Trade Review: Spread Trade vs. Long Put
08/28/2012 9:00 am EST
Josip Causic of Online Trading Academy compares two options trading strategies to determine which is the most profitable.
In a recent options class at one of our education centers, we looked at the general market and noticed that it was approaching previous supply zones. Based on past price action performance, we forecasted that there was a high probability that the markets might fail to break to the upside and consequently roll over.
Next, we looked at the implied volatility (IV) of IWM, the exchange traded fund that tracks the Russell 2000. After checking out the current IV reading against its 52 week historical volatility high and low, the conclusion was made that the majority of the ETFs that are tracking the general US market have low IV
Low IV means that we should be a buyer of options. The fact was that IV was not necessarily at its lowest reading, but just inside its lowest range, which means that we could do either a simple option strategy such as a long put or a more complex strategy such as a vertical put spread.
Part I: A Long Put
Before we explain how the more complicated vertical put spread works, we will go slowly over the long put. Figure 2 below breaks down a put option into pieces.
At the time, the IWM was trading at $79.94 per share, with resistance right above that.
The selected long put will expire in November after the election on the third Friday. The logic for going that far out is that time decay is not as rapid on a longer-term option as it is when a front-month option is bought.
The strike selection of 81 means that the option contract at the time of purchase had a whole dollar of intrinsic value, while the 3.50 extra was the price for the time value. Those three and half points of fluff, extrinsic value, will be gone at expiration if the stock stays where it is.
However, that is not the reason why we bought the option. The put option was purchased because we forecasted that IWM will roll over much sooner than expiration.
Nonetheless, a long option—in this case a put—is a decaying asset, and the mere passage of time works against us. If the IWM does not roll over, then every single passing day during the upcoming months, our option premium will lose its value.
One thing is certain when trading options—time value will eventually go out of them. To overcome this disadvantage, we need to turn the tables around: hence, a vertical put spread is the correct choice.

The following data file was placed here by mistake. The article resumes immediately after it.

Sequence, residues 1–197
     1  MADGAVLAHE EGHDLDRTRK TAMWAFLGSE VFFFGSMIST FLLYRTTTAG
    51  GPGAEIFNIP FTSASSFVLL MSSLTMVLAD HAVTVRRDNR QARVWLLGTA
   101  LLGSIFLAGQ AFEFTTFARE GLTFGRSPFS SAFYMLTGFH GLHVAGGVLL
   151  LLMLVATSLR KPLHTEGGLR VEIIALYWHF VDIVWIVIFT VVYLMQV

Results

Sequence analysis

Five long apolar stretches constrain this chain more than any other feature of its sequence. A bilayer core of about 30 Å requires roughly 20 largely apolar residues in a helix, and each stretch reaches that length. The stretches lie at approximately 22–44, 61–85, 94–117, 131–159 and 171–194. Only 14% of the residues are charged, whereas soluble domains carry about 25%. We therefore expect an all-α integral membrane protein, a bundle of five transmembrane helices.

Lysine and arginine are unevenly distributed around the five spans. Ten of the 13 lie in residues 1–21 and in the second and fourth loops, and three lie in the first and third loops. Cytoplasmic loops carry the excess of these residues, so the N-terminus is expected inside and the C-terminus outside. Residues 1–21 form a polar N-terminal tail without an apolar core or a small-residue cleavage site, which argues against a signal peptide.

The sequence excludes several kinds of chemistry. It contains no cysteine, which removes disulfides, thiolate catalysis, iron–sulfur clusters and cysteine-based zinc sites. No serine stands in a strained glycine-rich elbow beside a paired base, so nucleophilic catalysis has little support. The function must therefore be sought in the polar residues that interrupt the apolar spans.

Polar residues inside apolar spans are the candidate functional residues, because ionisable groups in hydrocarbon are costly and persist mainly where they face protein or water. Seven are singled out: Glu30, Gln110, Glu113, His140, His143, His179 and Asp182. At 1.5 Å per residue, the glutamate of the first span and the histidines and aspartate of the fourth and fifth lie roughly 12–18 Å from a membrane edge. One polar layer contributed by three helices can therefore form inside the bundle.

Part II: A Vertical Put Spread (Debit Spread)
This strategy is also known as a Bear Put, and involves the simultaneous buying and selling of puts at the different strike levels. In our case, the stock was sitting near its supply zone, which was coincidentally a round number. Our technical analysis told us that there was resistance above this. We chose to buy the 81 put, and the next logical thing is to forecast how far down IWM might go.
There is virtually no chance that the Russell 2000 ETF would go down to zero, so realistically speaking we located the first level of demand around 76. Hence the idea was to sell the 76 put strike price, because most likely the price will not puncture through 76 on the first try. The vertical put spread was built in the following way:
The first step, buying the 81 put, is the same as the trade discussed above. But now there is a second step: selling the 77 put. When the math is done, the cost of the trade is only a 2.00 debit to us, which is much better than what the cost of just the long put was.
Also notice that the breakeven point is now much easier to reach. By selling the OTM option, the trader has received a discount in the amount of the premium sold, 2.50.
Let us sum up by comparing the two breakeven points. The long put’s BEP is 76.50, while in the case of the spread trade, the BEP is 79, which is much easier to reach. Time decay still works against us in a spread, but it is somewhat minimized. Spread trading is the way to go.
Josip Causic is an option trading instructor at Online Trading Academy.